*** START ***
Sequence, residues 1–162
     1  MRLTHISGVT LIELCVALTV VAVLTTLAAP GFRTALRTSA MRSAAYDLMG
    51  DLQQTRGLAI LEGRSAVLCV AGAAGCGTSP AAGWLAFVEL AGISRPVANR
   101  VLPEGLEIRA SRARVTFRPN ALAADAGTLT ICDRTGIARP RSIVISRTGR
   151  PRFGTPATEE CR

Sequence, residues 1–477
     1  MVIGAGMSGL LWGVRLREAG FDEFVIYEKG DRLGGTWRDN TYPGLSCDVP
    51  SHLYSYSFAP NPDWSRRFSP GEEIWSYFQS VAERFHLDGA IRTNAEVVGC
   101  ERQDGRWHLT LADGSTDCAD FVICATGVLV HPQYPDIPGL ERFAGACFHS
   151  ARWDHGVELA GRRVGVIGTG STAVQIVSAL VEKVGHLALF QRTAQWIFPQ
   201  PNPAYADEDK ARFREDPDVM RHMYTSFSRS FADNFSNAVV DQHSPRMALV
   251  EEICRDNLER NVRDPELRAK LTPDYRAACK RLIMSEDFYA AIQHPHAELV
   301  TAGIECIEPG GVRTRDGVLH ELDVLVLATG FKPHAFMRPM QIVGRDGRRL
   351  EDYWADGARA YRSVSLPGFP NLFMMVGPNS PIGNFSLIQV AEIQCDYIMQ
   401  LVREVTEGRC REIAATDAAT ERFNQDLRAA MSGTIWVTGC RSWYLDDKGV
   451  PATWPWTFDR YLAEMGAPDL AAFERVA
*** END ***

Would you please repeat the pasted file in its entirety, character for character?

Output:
Sequence, residues 1–162
     1  MRLTHISGVT LIELCVALTV VAVLTTLAAP GFRTALRTSA MRSAAYDLMG
    51  DLQQTRGLAI LEGRSAVLCV AGAAGCGTSP AAGWLAFVEL AGISRPVANR
   101  VLPEGLEIRA SRARVTFRPN ALAADAGTLT ICDRTGIARP RSIVISRTGR
   151  PRFGTPATEE CR

Sequence, residues 1–477
     1  MVIGAGMSGL LWGVRLREAG FDEFVIYEKG DRLGGTWRDN TYPGLSCDVP
    51  SHLYSYSFAP NPDWSRRFSP GEEIWSYFQS VAERFHLDGA IRTNAEVVGC
   101  ERQDGRWHLT LADGSTDCAD FVICATGVLV HPQYPDIPGL ERFAGACFHS
   151  ARWDHGVELA GRRVGVIGTG STAVQIVSAL VEKVGHLALF QRTAQWIFPQ
   201  PNPAYADEDK ARFREDPDVM RHMYTSFSRS FADNFSNAVV DQHSPRMALV
   251  EEICRDNLER NVRDPELRAK LTPDYRAACK RLIMSEDFYA AIQHPHAELV
   301  TAGIECIEPG GVRTRDGVLH ELDVLVLATG FKPHAFMRPM QIVGRDGRRL
   351  EDYWADGARA YRSVSLPGFP NLFMMVGPNS PIGNFSLIQV AEIQCDYIMQ
   401  LVREVTEGRC REIAATDAAT ERFNQDLRAA MSGTIWVTGC RSWYLDDKGV
   451  PATWPWTFDR YLAEMGAPDL AAFERVA